Mindfulness Basics, Part Five

The three-minute breathing space…

…a mindfulness practice for daily life

Here’s Part Five in our series of blog posts about key mindfulness practices, designed to help you get started with mindfulness or refresh your existing practice. In this post, you’ll find:

  • An introduction to the three-minute breathing space—the perfect practice for busy days
  • A guided audio for you to follow, to help you learn the technique
  • Top tips on how to get the best out of this exercise
  • An alternative practice you can use on those especially busy days
  • Links to other free guided audios in this series.

Why this practice?

Author Danny Penman, Ph.D, writing on franticworld.com, says:

One of the great ironies of mindful awareness is that it often seems to evaporate just when you need it the most. When you’re becoming increasingly burned out, you tend to forget just how useful it can be for dealing with the feelings of being overwhelmed by the world’s seemingly relentless demands … And when you’re anxious or stressed, you feel far too rushed to squeeze in a twenty-minute meditation. When you’re under pressure, the last thing your mind wishes to be is mindful—tired, old thinking habits are infinitely more seductive.”

The most obvious advantage of the three-minute breathing space is that it’s super-short, so it can be fitted into even your busiest day! So, when you need mindfulness the most—in your day-to-day life—this practice is easily available. Just three minutes in a quiet place (and, yes, you can use the bathroom to do this) is all you need!

What happens in this practice?

During the three-minute breathing space, you:

  • Stop whatever you’re doing, shifting out of auto-pilot and into ‘being’ mode.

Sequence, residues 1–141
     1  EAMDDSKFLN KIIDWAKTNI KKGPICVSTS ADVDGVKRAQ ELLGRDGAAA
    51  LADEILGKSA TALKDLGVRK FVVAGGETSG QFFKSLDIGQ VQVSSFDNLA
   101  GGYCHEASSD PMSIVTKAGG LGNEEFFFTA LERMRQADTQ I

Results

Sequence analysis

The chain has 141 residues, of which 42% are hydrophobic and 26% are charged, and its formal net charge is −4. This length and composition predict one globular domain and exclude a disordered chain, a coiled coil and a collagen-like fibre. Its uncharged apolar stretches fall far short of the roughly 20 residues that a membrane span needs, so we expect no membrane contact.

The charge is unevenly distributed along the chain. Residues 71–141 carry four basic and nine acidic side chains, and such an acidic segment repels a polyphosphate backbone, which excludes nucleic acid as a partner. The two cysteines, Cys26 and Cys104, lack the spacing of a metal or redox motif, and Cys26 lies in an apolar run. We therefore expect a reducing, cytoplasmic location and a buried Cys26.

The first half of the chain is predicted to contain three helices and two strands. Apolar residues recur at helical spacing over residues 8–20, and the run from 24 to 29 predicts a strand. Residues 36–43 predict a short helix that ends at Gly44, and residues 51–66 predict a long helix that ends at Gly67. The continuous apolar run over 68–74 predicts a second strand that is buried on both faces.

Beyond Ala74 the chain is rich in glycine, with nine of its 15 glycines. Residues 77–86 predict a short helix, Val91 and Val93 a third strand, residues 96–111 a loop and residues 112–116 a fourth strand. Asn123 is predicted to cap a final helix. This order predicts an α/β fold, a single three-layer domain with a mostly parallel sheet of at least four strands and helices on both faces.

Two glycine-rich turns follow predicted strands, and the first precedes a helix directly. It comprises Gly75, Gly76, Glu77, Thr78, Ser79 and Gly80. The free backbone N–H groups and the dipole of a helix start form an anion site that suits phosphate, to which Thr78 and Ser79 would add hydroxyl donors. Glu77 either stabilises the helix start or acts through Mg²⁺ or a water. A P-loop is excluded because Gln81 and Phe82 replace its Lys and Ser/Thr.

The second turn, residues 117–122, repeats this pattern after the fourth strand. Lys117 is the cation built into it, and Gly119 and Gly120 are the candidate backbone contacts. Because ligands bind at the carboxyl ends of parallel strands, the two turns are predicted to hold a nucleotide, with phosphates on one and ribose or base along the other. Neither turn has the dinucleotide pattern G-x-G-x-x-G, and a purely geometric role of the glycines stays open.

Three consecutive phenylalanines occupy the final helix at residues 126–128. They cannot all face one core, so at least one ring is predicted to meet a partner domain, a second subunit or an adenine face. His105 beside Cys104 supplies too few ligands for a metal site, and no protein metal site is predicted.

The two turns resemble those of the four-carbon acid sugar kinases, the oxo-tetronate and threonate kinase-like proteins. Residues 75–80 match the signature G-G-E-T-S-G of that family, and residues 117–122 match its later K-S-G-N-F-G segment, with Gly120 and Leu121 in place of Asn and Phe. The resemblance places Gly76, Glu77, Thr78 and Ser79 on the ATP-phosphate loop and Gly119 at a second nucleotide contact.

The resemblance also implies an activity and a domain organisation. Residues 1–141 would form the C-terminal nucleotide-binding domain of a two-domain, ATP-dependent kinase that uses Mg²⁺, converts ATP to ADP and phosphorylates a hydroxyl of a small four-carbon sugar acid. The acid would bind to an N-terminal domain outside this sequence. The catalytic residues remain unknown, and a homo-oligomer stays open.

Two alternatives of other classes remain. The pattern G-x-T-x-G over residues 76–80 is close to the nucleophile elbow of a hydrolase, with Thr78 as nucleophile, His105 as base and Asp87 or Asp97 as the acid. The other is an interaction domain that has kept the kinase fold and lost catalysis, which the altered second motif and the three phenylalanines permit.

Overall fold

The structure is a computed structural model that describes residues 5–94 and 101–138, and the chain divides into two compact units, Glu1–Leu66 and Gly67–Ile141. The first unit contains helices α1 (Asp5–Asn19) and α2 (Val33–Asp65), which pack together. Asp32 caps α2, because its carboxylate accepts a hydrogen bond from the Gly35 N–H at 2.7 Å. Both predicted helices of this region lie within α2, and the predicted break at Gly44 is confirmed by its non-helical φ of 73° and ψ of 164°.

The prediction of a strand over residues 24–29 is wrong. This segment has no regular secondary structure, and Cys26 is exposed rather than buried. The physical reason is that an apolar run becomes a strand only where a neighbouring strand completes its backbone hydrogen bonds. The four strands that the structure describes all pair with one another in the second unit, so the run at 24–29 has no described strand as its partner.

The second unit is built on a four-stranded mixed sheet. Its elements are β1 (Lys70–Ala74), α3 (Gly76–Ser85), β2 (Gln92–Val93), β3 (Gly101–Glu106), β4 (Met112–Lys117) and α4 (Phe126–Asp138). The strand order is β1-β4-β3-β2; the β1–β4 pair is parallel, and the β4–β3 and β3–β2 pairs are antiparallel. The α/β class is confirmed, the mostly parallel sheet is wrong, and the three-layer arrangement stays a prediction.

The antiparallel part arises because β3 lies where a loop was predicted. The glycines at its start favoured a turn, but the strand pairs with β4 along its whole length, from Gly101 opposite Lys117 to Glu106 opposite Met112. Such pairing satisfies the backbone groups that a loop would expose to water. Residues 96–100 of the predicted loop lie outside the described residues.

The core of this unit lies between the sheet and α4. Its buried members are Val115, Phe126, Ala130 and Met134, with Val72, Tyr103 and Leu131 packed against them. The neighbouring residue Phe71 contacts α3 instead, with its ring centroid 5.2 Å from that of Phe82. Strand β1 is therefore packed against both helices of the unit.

• Take a few moments to check in with your internal weather—the sensations in your body, your thoughts and feelings.
  • See if you can allow whatever you’ve found, whether it’s pleasant, unpleasant or neutral, to simply be there, as it is, without trying to push it away or cling to it.

After this exercise, instead of automatically reverting to those “tired, old thinking habits,” you can take your new awareness with you into your day—giving yourself choices about how you react to the situations you encounter.

Before you practice

Remind yourself that this meditation isn’t about taking time out from whatever is going on for you at the moment. You’re not trying to block out difficult experiences or cling to pleasant ones, for example. As best you can, simply notice what’s going on for you right now.

Listen now

Gillian Duncan Mindfulness Teacher Edinburgh, Scotland

Top tips

  • To help you get into the habit of doing this exercise regularly, begin by scheduling it into your daily life, so you get used to doing it. Once you’re in the habit of practising the three-minute breathing space, you’ll be able to do it at any time you choose during your busy day.
  • Add an alert on your phone or an alarm on your watch to remind yourself to practice the three-minute breathing space. You can be playful and creative with your reminders—try picking a colour and practising every time you notice that colour in your surroundings.

An alternative practice for super-busy days

To help you shift out of auto-pilot on especially busy days, here’s another practice you can use:

  1. Stop what you’re doing for a moment.
  2. Take three mindful breaths.
  3. Ask yourself “What’s going on for me right now, in this moment? What sensations can I feel in my body? What are my thoughts and feelings?”
  4. Acknowledge your experiences in this moment with a kind attention.
  5. Keep breathing and carry on.

More Mindfulness Basics

Part One, Settling the mind (10-minute guided audio)

Part Two, The body scan (20-minute guided audio)

Part Three, Mindfulness of the senses (15-minute guided audio)

Part Four, Mindful movement (7-minute guided audio)

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